6. If the employer has a PTO policy and an employee separates and is rehired within 12 months, how is the reinstatement of sick leave handled?
One of the requirements for PTO is that, like vacation, all accrued, unused PTO must be paid out to an employee on termination of employment. To comply with the Act, if the employee were re-hired within 12 months, the employer would have to reinstate to the employee’s credit the amount of PTO that was equivalent to the sick time the employee had accrued at the time of termination. This would be the entire PTO balance unless the employer’s policy established an accrual cap on the portion of PTO that was designated as sick time – which would be unworkable with existing PTO policies.
Accrual and Usage Questions
7. For the purpose of accrual (1 hour of paid sick time for every 30 hours worked), do overtime hours count?
Yes, for non-exempt employees, overtime hours do count. Hours of paid time off like vacation, sick pay, holiday pay, and PTO do not count.
8. Employers can cap sick time usage at 24 hours per year; can the cap be based on a calendar year?
Apparently no. The statute states that use of sick time can be capped at 24 hours per “year of employment.” The DLSE FAQs clarify that for employees who were hired before the July 1, 2015, operative date, the cap should be based on a July 1-June 30 year, and for employees hired thereafter, the cap should be based on their anniversary year. There is no mention of a calendar year cap, and that does not appear to be compliant with the law’s prohibition against forfeiture of accrued sick time. The following example illustrates the problem. Employee Doe is hired on June 1, 2015. She accrues the maximum 48 hours over the course of 2015 (she works a lot of overtime, and takes no time off). She uses 24 hours of sick time in March 2016. She has 24 hours of accrued time remaining, and accrual begins again (at the rate of 1 hour for every 30 hours worked). Her second year of employment begins on June 1, 2016. If the employer had a calendar year cap, Employee Doe would have exhausted her 2016 usage entitlement in March, and she would be deprived of her right to use her accrued sick time during the balance of the calendar year despite having accrued sick time available, and being in her second anniversary year of employment. Consequently, capping use on something other than the anniversary year seems to run afoul of the Act’s requirement that employees be allowed to use up to 24 hours of paid sick time per “year of employment.”
9. If the employer awards sick time using the up-front method instead of the accrual method, then can a calendar year be used?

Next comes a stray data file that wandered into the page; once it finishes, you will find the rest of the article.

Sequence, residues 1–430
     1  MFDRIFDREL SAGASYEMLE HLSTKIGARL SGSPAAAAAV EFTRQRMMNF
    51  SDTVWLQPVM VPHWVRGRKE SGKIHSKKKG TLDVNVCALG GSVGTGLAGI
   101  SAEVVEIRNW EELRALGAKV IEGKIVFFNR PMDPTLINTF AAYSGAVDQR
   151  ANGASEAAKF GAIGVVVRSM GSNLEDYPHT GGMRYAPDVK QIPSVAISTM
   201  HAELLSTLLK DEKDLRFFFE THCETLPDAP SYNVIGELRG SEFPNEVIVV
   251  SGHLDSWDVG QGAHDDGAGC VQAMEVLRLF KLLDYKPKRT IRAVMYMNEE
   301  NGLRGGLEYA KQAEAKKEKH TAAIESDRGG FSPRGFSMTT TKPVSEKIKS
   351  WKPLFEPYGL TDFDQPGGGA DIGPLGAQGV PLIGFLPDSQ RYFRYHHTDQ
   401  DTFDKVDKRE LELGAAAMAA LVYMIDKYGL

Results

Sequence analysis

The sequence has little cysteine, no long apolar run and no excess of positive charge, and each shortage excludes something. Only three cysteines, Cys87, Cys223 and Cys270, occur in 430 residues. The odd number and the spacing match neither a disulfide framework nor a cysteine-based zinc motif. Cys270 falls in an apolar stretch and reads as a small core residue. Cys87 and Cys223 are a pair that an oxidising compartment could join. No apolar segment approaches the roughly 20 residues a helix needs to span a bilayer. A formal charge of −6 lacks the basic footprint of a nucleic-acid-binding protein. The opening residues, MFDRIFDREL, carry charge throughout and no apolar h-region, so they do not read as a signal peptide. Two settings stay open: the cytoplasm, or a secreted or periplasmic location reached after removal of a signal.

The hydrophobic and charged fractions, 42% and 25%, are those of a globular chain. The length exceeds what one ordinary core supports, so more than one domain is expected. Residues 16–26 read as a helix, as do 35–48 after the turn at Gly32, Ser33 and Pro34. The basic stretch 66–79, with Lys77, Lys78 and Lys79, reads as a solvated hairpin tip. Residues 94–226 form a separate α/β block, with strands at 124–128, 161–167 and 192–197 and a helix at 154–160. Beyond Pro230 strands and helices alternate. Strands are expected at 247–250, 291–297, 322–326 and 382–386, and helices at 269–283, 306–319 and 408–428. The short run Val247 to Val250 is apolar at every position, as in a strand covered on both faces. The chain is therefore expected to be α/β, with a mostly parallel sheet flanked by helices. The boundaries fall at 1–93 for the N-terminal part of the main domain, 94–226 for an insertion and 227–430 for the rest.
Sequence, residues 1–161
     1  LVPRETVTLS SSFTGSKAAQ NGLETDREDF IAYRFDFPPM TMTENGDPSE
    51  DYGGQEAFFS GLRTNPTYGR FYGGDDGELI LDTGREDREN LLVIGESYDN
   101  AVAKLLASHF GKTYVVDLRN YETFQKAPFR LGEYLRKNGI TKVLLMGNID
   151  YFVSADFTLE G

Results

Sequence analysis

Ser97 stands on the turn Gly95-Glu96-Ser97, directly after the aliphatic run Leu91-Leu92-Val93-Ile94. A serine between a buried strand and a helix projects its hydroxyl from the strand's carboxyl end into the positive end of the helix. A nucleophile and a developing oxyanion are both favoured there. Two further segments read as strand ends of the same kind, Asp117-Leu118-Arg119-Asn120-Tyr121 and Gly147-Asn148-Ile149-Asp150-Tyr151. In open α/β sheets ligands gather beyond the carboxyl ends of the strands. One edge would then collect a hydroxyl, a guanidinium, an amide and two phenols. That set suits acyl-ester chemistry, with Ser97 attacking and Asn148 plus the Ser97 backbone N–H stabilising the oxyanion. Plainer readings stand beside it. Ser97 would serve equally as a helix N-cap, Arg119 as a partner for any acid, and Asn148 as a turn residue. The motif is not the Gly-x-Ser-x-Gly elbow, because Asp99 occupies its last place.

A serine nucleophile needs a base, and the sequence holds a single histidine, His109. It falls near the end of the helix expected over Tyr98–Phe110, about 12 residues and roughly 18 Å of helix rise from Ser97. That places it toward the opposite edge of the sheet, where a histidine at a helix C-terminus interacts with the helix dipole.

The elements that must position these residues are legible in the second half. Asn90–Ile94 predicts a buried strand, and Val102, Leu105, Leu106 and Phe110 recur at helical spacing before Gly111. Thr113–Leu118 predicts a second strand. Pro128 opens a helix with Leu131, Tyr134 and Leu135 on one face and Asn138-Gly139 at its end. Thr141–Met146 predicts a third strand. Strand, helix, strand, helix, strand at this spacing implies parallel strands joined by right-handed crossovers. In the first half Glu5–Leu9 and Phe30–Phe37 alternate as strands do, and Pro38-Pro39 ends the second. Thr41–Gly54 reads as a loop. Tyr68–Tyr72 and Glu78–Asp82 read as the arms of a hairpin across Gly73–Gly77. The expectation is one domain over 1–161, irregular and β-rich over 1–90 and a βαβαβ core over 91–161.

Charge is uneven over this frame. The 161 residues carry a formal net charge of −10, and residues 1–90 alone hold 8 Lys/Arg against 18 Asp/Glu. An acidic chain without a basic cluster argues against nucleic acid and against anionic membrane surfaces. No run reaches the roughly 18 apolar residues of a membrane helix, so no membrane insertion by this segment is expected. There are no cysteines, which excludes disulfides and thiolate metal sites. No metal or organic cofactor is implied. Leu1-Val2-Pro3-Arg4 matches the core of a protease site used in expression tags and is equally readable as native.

Apparently yes. The Act expressly permits employers to grant at least 24 hours of paid sick time (the annual usage cap) per year, up-front as an alternative method of compliance. The Act further specifies that the up-front award can be made at the beginning of each calendar year, year of employment, or any other 12-month period. This method is proving to be attractive to many employers because of its apparent simplicity.
10. What are the pros and cons of the up-front method?
The up-front method relieves the employer of the need to track accrual. However, there are challenges for both initial implementation (What to do for 2015? Giving the full 24 hours is the safest answer), and how to treat new hires mid-year in any year. This must be carefully planned, especially with non-exempt employees. On balance, if the employer’s time-keeping system allows for it, accrual may be easier to implement.
11. Can the up-front method be used for employees in San Francisco and Oakland?
No. The ordinances adopted by San Francisco and Oakland do not have usage caps. So covered employees in those cities must be allowed to accrue sick time up to the accrual cap (72 hours for employers with 10 or more employees), and must be allowed to use all of their accrued sick time for a covered purpose.
12. Can employees hired before April 1, 2015, use paid sick time as soon as it accrues?
Yes. Employers can, if they choose, require that employees exhaust a 90-day waiting period before using accrued paid sick time. The waiting period is satisfied 90 calendar days after the employee’s hire date. Thus, for employees hired at any time before April 1, 2015, the right to use accrued sick time will be coextensive with the operative date of the Act, that is, July 1, 2015. For employees hired after April 1, 2015, entitlement to usage will begin on the 91st day following their hire date assuming the employer has adopted a policy that provides for a 90-day waiting period.
13. How does usage work for a part-time employee?